August 31, 2010

How To: Procure A Partner With Perfect Pictures!

If you or your kid are looking for a skating partner, I don't need to tell you how hard it is to get one. It's not enough that the person needs to live close enough and have compatible training times. Oh no, then come the physiological constraints. Height, weight, mass, ability, and yes, financial capacity (shock horror!).
So we all know how hard is it to find that perfect match, whether you be in pairs or dance. You're probably either aware of, or actively using, the website IcePartnerSearch.Com or another partner search resource such as the one over at Ice-Dance.Com. So how are you going to stand out from the masses? That's what we're going to look at today.

The obvious answer to the above question is "well, I'm a great skater! Who wouldn't want to partner me?!". That's all fine and well, but those prospective folks from out of town don't necessarily know how great you are, certainly not just by reading an autobiography of 3 paragraphs. And anyway, why should they believe you? After all, you're trying to sell yourself.

This is where the title of this post comes into play. Pictures. Photos of you, looking your best. Skating and non-skating alike. If you sift through the majority of profiles on aforementioned sites, you're going to find a lot of webcam images, or worse, self-held-camera-arm-in-view shots. So you're serious about finding a partner, just not serious enough to ask someone else to take a decent image of you? That's not gonna work.

On Ice
Use some nice skating pictures from recent competitions (recent to define your silhouette, and current skating abilities. No use using a picture from 3 seasons ago). Avoid podium photos. They feel showy and show nothing of your skating ability. Positions in full extension are best and will show off your lines better than a starting or finishing pose. Think spirals, ina bauers, laybacks. No images of you mid-cross-over. Who's that gonna impress?

If you decide to take some shots during training, wear make-up (if age appropriate obviously), wear a pretty dress or an all-black outfit to show your lines. A partner needs to know by looking at photos whether physically, you might be a match. Try to avoid taking pictures at the end of the session when you're tired and your hair is falling out. Fresh faced and ready for action is the message you're trying to send.

Use at least one good headshot. If you're a natural stunner, then lucky you, this'll help. Sad, but true. If you don't know anyone available to take some really good images of yourself, use a pro or semi-pro photographer. You can use networking websites such as ModelMayhem.Com to get in touch with people in your area willing to shoot "TF". This stands for "time for", and is usually completed with P (for prints), or CD (for a CD of the images from the shoot). You won't pay the photographer for his/her time, and you won't get any money back as their model. They can use the images they have taken of you in their portfolios, and so can you (in this case, your "portfolio" is your partner search profile page).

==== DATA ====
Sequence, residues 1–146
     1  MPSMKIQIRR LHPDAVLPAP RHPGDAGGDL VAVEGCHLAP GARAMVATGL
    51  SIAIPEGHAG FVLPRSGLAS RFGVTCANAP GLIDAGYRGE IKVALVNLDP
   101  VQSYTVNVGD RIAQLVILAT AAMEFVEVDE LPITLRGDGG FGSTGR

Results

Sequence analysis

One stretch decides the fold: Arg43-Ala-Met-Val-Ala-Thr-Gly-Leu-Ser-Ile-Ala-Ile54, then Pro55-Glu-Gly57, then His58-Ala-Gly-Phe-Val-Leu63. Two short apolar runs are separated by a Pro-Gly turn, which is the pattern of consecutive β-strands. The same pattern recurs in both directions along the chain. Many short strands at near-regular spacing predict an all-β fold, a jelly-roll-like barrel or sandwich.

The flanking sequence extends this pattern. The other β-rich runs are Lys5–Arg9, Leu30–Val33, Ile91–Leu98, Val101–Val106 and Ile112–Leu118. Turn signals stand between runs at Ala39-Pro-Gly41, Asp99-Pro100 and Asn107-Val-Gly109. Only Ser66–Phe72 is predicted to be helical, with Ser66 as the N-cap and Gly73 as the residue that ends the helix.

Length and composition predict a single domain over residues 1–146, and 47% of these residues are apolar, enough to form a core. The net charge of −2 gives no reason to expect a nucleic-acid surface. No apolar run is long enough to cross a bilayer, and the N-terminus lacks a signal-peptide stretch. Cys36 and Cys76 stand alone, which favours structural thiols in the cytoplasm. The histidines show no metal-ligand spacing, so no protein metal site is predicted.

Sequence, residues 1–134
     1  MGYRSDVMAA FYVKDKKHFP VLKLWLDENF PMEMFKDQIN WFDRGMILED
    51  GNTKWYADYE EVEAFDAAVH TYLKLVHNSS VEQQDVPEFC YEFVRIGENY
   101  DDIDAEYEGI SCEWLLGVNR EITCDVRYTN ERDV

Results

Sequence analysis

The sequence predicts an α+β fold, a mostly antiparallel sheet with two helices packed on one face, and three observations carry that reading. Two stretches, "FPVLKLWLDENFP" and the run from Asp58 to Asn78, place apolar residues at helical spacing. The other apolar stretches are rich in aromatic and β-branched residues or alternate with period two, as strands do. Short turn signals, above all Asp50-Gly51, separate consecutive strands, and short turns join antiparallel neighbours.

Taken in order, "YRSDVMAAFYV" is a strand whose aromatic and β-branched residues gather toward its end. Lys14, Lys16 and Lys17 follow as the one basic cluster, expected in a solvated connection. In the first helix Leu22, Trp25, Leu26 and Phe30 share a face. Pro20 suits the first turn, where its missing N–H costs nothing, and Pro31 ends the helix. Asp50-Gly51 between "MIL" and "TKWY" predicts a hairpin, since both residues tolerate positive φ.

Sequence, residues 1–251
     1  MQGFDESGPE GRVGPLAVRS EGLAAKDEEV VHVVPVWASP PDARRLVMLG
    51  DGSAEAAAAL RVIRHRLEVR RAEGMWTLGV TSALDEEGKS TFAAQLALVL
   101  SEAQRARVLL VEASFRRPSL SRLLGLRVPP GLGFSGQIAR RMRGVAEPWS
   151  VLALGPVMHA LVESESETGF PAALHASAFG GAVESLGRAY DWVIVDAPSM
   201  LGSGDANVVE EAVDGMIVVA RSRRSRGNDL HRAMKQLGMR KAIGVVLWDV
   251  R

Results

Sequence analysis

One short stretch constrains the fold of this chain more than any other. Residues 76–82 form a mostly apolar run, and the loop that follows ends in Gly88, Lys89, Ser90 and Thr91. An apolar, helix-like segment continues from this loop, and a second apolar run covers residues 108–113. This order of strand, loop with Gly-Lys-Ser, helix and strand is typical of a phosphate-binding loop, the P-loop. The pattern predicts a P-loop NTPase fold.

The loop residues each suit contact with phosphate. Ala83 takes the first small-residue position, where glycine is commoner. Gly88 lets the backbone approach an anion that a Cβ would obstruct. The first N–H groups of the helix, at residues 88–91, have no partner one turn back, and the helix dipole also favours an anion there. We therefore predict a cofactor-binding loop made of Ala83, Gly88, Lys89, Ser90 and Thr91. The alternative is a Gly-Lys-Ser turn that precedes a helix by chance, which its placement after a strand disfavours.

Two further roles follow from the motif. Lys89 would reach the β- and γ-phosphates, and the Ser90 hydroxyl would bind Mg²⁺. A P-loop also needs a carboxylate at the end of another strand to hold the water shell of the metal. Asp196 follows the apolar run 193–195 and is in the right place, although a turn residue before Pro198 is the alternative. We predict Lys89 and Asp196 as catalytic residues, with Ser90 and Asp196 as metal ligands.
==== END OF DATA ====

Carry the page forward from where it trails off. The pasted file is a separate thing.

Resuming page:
If you go down this route, exercise caution as you would when meeting anyone from the internet. Go accompanied, and meet in a public place. You can usually browse their portfolios and see who else the photographer has worked with, and contact said people to get references. Discuss your preferred style with the photographer in advance, and decide on a location (relaxed park shots or more formal studio images?).

Having (semi) pro shots is going to help your profile stand out. The more you tend your profile page, the more traffic it will get (your professional photo is going to make folks want to click your link more than others!), and hopefully, just maybe... this will lead to the perfect partner!

Until next time, keep looking your best !

1 comment

  1. Great post! My daughter is a professional ice dancer now, but she actually had her best luck finding partners through her coaches. I think that IcePartnerSearch and are wonderful as well. I had never heard of Model Mayhem before. What a great resource!

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